When reviewing the iPad mini 2, I've compared it to the previous version of the smaller tablet, both with and without the newer iOS versions. The jump in the OS is marked, but even without that, all owners of the original mini will feel a pang of envy when you hand them the second generation.
With the screen turned off, there's very little difference between the iPad minis 1 and 2 – the options of Space Gray and Silver are different to the black and silver versions from 2012, and there's a slight increase in the weight from 312g to 331g.
But in the hand there's nothing to choose between them; which is fine, as the design of the original mini was the saving grace of an otherwise low-powered, but cheaper tablet.
What we've seen is the iPad mini design being taken on by the iPad Air, and then back again on the smaller sequel, and it really works.
Apple is still maintaining that users will be able to hold it one-handed, and while this is uncomfortable when done for long periods, I did find that on occasion for browsing the internet I was able to work with a single palm.
The aluminum-clad design feels hugely premium. If you've walked into an Apple store thinking that the mini 2 is too expensive compared to the rest of the market, then the second it's thrust into your palms you'll realize that there's no comparison between this and many other competitors when it comes to build quality.
While the most recent Nexus 7 from Asus showcased a much-improved design, it was still a rubberized device that relied on plastic to make it feel robust and a little lighter – and of course it's since been discontinued.
The iPad mini 2 also had an improved design over its predecessor, but it's hugely more impressive. It's not quite enough to warrant the price difference between this and, say, Amazon's 8-inch tablet – and any Amazon fan would have a very valid reason for purchasing that tablet instead.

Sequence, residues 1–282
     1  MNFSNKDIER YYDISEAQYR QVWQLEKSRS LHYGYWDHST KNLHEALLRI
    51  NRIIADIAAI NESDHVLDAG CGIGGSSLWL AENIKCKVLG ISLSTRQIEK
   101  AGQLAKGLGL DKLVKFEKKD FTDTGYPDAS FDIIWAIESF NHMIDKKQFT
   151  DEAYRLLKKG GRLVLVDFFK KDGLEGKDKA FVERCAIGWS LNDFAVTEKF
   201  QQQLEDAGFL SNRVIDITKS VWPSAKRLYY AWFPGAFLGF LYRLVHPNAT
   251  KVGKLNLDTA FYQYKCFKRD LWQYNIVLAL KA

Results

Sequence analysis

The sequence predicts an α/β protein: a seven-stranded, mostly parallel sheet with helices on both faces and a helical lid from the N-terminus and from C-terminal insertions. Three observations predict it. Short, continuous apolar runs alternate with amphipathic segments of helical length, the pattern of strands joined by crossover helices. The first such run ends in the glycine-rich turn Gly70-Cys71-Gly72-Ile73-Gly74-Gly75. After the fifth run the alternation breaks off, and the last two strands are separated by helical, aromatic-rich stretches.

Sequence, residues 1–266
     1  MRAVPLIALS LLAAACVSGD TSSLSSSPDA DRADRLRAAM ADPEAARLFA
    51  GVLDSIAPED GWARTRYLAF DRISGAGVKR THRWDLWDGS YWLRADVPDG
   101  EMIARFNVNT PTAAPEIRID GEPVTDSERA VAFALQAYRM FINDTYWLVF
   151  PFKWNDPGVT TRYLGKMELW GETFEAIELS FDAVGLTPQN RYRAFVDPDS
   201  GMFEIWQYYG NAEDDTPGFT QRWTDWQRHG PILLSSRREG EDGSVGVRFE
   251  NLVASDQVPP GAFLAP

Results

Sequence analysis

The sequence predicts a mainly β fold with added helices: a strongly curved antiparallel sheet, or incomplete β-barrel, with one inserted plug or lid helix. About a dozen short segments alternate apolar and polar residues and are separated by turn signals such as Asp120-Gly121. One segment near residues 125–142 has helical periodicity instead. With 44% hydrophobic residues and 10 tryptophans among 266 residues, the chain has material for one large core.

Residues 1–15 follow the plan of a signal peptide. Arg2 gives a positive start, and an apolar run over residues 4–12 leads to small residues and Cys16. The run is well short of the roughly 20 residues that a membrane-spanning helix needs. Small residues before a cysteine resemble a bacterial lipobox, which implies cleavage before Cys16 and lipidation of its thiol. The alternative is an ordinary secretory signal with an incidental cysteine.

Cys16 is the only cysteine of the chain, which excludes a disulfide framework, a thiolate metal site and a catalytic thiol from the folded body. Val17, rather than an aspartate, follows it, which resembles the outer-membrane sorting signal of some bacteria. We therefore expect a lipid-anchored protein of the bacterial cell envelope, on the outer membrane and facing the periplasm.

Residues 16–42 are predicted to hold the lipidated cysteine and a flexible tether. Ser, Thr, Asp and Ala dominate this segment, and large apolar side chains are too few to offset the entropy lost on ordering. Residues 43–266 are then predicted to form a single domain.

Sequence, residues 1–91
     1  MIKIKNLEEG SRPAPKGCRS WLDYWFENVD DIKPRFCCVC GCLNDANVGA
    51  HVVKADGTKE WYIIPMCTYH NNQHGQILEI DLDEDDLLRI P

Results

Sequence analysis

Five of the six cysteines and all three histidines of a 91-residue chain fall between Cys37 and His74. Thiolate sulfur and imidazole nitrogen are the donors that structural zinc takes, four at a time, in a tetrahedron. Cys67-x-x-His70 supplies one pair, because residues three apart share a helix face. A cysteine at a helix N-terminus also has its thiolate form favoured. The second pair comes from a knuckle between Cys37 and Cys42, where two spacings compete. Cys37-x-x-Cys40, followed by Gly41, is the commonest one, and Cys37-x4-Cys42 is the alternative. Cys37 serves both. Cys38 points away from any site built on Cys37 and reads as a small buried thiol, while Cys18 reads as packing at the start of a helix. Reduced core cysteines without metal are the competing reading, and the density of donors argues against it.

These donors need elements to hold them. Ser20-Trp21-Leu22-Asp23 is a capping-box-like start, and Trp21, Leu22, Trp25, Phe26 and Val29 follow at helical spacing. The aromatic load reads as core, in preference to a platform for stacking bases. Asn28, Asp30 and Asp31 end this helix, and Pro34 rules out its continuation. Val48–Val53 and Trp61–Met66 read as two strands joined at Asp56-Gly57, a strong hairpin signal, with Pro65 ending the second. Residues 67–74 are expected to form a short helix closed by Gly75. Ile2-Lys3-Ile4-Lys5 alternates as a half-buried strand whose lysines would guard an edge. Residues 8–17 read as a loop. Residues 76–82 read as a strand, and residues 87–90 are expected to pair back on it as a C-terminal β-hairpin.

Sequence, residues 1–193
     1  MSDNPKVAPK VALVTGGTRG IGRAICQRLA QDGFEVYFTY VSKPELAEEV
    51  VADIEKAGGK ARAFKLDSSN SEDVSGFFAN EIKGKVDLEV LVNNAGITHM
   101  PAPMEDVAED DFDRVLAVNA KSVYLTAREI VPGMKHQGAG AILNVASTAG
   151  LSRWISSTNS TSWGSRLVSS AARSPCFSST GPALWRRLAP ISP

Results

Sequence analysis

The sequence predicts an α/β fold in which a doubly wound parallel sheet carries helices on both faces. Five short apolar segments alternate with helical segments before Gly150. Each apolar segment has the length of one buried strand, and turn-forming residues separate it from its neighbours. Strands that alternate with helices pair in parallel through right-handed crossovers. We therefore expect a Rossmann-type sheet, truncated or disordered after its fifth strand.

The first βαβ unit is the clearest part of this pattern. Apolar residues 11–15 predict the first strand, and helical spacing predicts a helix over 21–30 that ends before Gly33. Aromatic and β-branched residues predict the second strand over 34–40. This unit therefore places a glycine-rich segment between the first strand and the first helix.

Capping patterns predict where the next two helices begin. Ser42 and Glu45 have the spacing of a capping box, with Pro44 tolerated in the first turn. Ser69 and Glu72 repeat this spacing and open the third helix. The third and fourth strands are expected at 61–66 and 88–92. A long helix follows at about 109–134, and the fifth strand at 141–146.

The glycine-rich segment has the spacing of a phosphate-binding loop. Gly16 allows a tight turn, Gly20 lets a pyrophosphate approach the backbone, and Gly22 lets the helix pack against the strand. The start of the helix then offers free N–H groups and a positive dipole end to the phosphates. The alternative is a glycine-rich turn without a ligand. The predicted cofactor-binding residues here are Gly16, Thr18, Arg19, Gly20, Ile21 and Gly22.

But Apple's design is easily the best on the market. The smooth covering, machined speaker holes and gently curved edges all combine very well to create a really secure feeling that this is the device that it was worth forking out a little more for. And it really is only a little more now, as it's dropped in price since being superseded.
Even down to the solid click of the sound toggle, or the long travel of the power, home and volume buttons, the whole thing makes you feel like it's robust and won't crack on you a year or so down the line.
There's no Touch ID on offer here, and I'm torn over whether this is a big miss. I use it all the time on the iPhone 6S and iPad mini 4, but that's only because it's there. It makes using the phone marginally easier, which is nice.
It's missed on the iPad mini 2 for a couple of reasons. First, you're more inclined to pick this tablet up like a phone, meaning your natural impulse is to hold the power button.
Second, tapping out a passcode on this screen is harder as your thumb isn't as well placed, meaning most will avoid iPad security altogether.
Given the 64-bit architecture is there for the encryption, it seems odd that Apple has left this out for the mini 2, and, indeed the original Air – and it's not like its omission is enough to upgrade to the otherwise very similar iPad mini 3.